AHMAD: Right. Well, I think that first of all it wasn’t exactly very clear what the objectives were even in the first place. You know, today President Obama again cites, we have to be there to prevent Al-Qaeda from doing anything harmful there or against America. Al-Qaeda is insignificant there. It was even then. And it is even moreso now. And in some ways this continues to be this incredible bogeyman used to deflect attention away from real resistance that emerged right away to foreign occupation in Afghanistan. Now, that came largely under the banner of the Taliban. But the Taliban itself became an umbrella group for a whole bunch of various resistance forces in Afghanistan. And of course now you have the added dimension of a far greater terrorist threat, if you will, and that’s in the form of ISIS.
So this is a real scandal. Now, there’s so many reasons that have emerged to motivate this resistance. It of course includes the criminality of the occupation itself, you know, just recently. Basically a war crime committed in terms of targeting this Doctors Without Borders hospital. But that’s just the tip of the iceberg. Such types of things have happened routinely throughout this more than now a decade and a half of this occupation. All sorts of war crimes, drone attacks, special forces, invasions into homes that have humiliated the population. Add to that the puppet regime, you know, first of Hamid Karzai that was parachuted into Kabul and the corruption, the arrogance and incompetence of that regime, which simply siphoned off billions of dollars to its cronies and its allied warlords.
And all of this of course, you know, the Afghan population did not take too kindly of. And so that’s why so many grievances have emerged that have provided the reservoir of support to any resistance force that has emerged against the occupation and the government in Kabul.
PERIES: And one thing that President Obama had said, Junaid, is that part of the reason for retaining the troops in Afghanistan is actually our national security here in the United States. Here’s what he had to say.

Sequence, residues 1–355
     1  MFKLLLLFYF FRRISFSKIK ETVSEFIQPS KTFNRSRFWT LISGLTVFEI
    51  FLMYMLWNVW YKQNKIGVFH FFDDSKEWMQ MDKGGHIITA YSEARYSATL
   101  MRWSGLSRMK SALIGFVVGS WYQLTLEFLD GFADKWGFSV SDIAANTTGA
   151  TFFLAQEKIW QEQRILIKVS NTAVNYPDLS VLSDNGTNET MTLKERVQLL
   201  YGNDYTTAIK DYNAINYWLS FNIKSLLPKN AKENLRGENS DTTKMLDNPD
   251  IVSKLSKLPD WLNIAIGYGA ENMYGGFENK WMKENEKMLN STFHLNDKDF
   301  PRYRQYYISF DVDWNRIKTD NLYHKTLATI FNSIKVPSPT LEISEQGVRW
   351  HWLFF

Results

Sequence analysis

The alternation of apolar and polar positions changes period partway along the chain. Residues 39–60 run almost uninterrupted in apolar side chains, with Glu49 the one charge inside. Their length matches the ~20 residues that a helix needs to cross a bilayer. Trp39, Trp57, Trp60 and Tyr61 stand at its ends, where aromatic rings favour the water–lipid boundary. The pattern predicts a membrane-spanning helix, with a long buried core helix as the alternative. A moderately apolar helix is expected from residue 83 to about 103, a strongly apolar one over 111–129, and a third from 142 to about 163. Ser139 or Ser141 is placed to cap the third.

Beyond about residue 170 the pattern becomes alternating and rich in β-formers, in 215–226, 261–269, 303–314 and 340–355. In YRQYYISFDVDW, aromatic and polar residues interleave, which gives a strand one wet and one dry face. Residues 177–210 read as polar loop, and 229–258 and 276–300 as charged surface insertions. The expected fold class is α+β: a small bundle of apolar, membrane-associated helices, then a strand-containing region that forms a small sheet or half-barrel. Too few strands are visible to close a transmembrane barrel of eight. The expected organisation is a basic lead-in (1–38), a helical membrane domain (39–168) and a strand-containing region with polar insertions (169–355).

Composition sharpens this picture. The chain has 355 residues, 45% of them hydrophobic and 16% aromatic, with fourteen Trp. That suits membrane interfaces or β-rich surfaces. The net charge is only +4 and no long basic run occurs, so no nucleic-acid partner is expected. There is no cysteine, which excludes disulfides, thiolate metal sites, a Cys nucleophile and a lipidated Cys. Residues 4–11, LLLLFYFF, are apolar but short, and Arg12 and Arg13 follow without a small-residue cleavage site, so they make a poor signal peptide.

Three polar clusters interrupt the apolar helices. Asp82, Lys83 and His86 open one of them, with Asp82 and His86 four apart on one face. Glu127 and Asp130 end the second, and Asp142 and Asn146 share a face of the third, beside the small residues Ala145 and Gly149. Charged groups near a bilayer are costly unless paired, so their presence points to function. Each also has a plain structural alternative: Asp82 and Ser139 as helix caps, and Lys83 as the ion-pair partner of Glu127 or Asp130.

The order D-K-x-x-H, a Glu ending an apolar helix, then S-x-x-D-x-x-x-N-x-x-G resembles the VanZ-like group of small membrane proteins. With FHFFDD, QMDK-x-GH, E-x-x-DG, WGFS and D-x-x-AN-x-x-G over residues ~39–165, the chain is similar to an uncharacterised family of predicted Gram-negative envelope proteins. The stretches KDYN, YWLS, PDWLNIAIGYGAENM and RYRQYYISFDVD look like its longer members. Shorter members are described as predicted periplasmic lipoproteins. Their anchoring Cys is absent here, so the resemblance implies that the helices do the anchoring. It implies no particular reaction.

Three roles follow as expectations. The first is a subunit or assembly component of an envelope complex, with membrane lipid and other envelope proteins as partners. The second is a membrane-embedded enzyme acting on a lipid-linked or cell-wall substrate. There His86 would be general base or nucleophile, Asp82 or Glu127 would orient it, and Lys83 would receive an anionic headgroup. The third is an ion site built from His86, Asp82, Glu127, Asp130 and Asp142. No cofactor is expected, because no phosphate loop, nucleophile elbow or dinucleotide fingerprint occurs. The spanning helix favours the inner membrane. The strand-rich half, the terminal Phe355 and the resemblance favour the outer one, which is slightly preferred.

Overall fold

OBAMA: But as your commander in chief I believe this mission is vital to our national security interests and preventing terrorist attacks against our citizens and our nation.
PERIES: So Junaid, do you think there is still a threat to the United States inside the borders here?
AHMAD: Yeah, I mean, this is just absolutely ridiculous. And what is the most absurd and scandalous part of [inaud.] Obama is saying here is the failure to recognize that in fact it has been the policy of this very aggressive, incompetent, humiliating occupation which has only increased the likelihood of a greater security threat to the United States.
The Taliban resistance forces that have emerged in Afghanistan are very much waging a local struggle. Whether you like them or not, and of course most, most of us disagree vehemently on [inaud.]. But their struggle is a local one. [Inaud.] for power in Afghanistan. Al-Qaeda had its global ambitions. It became largely irrelevant. Of course what has happened now is, and same thing that’s happened in Iraq and in Syria is the emergence of a real threat, and that’s ISIS, which has of course been, you know, the emergence of it has been precipitated by the type of social conditions created by the wars and occupation, not just in Afghanistan but of course in Iraq as well and what’s been going on in Syria.
So you know, it’s kind of disingenuous for the U.S. administration to cite the emergence of such forces that continue to perhaps present a threat when in fact it’s their policies which create the conditions for the radicalization of people who see nothing but despair and deeply repressive and violent policies being undertaken in their region.
PERIES: I want to take up these issues you’re raising about the conditions on the ground for ordinary Afghanistan and how it’s been exacerbated in the last 14 years. So let’s continue our discussion in segment two, and thank you for joining me.